Best Draft Value Tight End: Hunter Henry
This is part of my 2019 Best Draft Value series I am writing before 2019 fantasy draft season.
The fantasy community may be losing the perennial number one fantasy tight end Rob Gronkowski, but all is well. The Chargers have one of their young difference makers, Hunter Henry, returning and hungry to take up that mantle. With Henry’s talent, ample opportunity, and a budget-friendly ADP, Henry will be the top value at tight end in this year’s upcoming fantasy football drafts.
Hunter Henry is Good at Football
The Chargers only brought in Antonio Gates at tight end after Henry tore his ACL in OTAs last year. So it is safe to assume Henry will be the Chargers go-to weapon at tight end for the 2019 season. The way he was supposed to inherit that role for 2018. And why not considering how Henry started off his NFL career.
In his first 23 games as a starter in the pros, splitting time with Gates, Henry was able to gobble up 81 receptions on 115 targets at a clip of 13 yards-per-reception and found the end zone 12 times.
With young tight ends typically having a slower learning curve, these are very positive numbers. Henry’s first two seasons rank among the top rookie and sophomore campaigns for TEs since 2010. He is 12th in receptions, eighth in yards, and fourth in touchdowns among all TEs first two seasons. Let me reiterate, over that time he was splitting snaps with longtime Philip Rivers man-crush, Gates.
Moving forward the job now belongs to Henry alone. At 6-foot-5 and 250-pounds who ran a 4.72 40-yard dash, Henry can cause a lot of mismatches for defenses. Looking at their combine metrics, Zach Ertz compares well with Henry’s athleticism.
With Keenan Allen on the field, Henry will never be the number one target in the way Ertz is in Philadelphia. Nonetheless, that shows how dangerous a weapon Henry can be in the middle of the field.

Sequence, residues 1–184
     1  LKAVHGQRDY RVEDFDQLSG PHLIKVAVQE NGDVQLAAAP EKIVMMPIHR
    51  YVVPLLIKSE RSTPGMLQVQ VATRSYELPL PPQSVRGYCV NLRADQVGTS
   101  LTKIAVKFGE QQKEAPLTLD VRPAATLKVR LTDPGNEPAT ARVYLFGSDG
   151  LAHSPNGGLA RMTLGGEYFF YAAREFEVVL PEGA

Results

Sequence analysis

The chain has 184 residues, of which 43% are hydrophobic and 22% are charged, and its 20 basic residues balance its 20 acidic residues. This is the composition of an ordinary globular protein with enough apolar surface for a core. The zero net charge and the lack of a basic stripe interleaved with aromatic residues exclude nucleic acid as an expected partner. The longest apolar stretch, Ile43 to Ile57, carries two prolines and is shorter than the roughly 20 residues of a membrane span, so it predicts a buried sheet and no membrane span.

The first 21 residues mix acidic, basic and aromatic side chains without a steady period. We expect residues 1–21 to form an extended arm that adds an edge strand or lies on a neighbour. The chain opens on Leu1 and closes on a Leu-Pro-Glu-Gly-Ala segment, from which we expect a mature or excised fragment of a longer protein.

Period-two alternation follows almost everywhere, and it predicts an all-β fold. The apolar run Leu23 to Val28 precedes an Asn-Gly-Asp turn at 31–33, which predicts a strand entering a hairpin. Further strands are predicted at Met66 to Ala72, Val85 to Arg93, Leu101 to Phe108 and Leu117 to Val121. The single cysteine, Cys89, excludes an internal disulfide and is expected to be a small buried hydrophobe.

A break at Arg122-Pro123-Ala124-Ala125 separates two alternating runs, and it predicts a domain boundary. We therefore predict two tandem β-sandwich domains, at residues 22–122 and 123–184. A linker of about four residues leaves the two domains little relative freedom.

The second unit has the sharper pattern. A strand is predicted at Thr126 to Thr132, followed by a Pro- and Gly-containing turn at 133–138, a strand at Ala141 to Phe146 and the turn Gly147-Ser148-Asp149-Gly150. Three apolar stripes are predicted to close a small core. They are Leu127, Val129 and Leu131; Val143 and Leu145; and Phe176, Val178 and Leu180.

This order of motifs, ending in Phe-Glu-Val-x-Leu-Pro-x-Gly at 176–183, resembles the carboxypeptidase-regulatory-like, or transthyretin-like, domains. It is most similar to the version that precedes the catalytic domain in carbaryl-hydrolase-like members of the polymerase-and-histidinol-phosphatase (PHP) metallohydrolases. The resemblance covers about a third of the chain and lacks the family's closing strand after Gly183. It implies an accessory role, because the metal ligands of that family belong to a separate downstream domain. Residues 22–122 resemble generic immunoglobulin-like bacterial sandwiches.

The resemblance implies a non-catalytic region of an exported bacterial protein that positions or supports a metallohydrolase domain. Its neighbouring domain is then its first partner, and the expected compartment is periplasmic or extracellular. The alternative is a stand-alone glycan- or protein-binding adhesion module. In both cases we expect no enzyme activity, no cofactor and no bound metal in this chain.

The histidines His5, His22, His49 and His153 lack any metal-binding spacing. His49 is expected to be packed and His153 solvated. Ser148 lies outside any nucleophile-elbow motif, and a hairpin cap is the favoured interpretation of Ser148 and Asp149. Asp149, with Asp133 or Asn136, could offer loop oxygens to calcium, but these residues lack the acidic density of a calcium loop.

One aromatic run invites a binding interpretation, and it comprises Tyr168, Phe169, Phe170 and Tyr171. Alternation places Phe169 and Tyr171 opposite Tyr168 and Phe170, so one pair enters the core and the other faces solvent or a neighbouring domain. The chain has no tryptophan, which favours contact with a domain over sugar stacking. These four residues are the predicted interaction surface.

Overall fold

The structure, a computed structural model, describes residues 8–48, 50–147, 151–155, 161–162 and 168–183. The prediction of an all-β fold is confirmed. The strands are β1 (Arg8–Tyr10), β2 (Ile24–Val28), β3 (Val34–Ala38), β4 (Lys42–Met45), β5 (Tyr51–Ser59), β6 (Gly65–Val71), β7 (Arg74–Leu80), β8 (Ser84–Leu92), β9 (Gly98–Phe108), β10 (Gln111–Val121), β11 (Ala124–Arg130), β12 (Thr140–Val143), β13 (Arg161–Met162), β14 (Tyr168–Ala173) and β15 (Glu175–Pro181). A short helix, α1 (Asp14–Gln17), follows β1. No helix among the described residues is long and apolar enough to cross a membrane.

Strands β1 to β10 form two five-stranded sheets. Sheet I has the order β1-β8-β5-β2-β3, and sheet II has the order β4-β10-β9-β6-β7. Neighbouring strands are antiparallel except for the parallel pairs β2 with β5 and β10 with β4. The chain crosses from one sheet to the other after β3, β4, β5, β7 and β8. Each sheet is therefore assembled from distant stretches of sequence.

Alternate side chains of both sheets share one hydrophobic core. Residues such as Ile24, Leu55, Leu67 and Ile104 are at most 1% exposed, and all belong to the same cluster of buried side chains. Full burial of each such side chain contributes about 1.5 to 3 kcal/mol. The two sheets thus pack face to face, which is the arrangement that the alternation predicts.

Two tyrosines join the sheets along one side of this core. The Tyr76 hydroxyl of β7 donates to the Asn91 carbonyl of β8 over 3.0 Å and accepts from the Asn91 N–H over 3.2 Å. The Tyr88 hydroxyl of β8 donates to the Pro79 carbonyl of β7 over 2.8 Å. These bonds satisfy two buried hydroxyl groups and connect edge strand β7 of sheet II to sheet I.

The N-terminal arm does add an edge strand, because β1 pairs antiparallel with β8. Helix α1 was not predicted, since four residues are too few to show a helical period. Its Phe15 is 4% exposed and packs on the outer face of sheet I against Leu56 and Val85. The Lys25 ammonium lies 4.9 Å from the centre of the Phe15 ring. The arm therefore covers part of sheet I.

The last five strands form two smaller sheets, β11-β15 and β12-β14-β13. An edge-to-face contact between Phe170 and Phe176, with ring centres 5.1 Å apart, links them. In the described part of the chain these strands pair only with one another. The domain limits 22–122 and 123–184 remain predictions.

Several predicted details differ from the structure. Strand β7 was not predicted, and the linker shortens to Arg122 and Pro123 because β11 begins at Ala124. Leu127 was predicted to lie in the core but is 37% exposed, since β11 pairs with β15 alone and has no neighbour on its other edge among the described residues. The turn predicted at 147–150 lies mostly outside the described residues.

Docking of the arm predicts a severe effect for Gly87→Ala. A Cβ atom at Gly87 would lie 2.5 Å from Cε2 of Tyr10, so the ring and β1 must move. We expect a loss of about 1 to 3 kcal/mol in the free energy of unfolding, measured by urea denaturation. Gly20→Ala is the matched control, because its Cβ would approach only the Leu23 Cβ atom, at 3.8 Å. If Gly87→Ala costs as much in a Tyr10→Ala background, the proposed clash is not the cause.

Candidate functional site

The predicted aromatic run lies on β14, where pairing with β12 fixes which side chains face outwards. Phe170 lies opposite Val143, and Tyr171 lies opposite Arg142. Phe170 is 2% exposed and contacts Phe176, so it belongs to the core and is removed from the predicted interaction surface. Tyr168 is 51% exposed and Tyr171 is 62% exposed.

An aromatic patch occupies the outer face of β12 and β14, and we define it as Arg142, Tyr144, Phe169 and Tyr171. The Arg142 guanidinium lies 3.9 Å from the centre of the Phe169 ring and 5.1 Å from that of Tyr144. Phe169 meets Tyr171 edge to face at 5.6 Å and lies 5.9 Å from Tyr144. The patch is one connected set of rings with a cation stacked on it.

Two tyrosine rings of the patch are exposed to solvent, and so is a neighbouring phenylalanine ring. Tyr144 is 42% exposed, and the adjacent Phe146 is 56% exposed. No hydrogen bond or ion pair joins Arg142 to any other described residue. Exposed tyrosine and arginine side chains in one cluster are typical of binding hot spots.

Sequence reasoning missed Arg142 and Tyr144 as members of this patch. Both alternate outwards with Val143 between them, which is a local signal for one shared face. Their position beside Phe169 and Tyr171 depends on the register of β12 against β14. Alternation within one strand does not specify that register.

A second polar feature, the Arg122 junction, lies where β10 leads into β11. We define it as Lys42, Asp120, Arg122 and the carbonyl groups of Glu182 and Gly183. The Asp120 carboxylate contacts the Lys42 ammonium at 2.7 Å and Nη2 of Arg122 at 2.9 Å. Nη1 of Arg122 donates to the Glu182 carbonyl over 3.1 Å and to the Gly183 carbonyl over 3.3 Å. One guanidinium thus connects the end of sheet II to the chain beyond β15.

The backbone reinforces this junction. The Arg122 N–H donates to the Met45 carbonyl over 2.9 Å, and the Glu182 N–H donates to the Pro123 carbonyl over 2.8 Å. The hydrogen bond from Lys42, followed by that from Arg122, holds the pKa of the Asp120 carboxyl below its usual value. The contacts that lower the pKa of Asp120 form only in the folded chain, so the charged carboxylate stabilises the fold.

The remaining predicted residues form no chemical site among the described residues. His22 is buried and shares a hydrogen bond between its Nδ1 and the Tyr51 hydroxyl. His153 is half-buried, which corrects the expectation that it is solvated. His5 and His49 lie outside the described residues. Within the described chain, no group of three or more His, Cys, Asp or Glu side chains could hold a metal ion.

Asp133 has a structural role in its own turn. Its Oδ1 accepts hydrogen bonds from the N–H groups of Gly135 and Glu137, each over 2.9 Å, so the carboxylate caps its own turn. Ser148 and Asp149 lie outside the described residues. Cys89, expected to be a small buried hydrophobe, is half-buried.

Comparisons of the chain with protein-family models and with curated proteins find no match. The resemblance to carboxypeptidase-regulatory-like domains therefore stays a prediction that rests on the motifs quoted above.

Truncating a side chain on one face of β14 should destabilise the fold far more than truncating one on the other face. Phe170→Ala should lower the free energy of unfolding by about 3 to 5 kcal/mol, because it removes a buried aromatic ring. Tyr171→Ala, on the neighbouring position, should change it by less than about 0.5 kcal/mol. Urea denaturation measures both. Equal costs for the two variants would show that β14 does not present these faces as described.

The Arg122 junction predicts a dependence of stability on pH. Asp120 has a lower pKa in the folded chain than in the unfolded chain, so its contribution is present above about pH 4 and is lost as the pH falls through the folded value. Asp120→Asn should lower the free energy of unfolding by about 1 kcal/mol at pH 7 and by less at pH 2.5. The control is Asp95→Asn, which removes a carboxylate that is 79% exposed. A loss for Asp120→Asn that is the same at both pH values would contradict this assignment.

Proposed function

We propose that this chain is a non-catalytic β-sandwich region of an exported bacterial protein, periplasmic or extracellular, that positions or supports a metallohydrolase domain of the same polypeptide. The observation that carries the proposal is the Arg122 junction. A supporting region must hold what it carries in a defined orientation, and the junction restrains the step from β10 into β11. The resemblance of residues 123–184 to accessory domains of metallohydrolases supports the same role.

We can demonstrate this by looking back at 2017 when Henry last played. In that season Henry was one of Rivers best weapons. Rivers posted his second-best passer rating, 121.6, when targeting Henry that season. You can see where that would have ranked him among the Chargers targets last season on the passer rating by target chart below.
I already mentioned that Henry is now the clear cut TE1 in Los Angeles. But that is not by any means the only reason his opportunities are plentiful next season.
First off, let us start with who is under center for the Chargers, Philip Rivers. Over the course of Rivers career, he has been a champion for TEs in fantasy, targeting the position the fifth most among all projected starting quarterbacks with more than one season as a starter on the books. On average, Rivers targets the TE1 position 81 times a season over the course of his career.
Secondly, the fight for targets just got a little less crowded. Tyrell Williams left for Oakland and Antonio Gates is once again a free agent. Williams reeled off 65 targets last season and Gates another 45, freeing up 110 targets from 2018. Each entering their third years (I am not counting 2018 for Henry), Mike Williams and Henry are going to get first dibs at those vacated targets. Especially since Keenan Allen cannot take on much more than the 136 targets he already saw last season.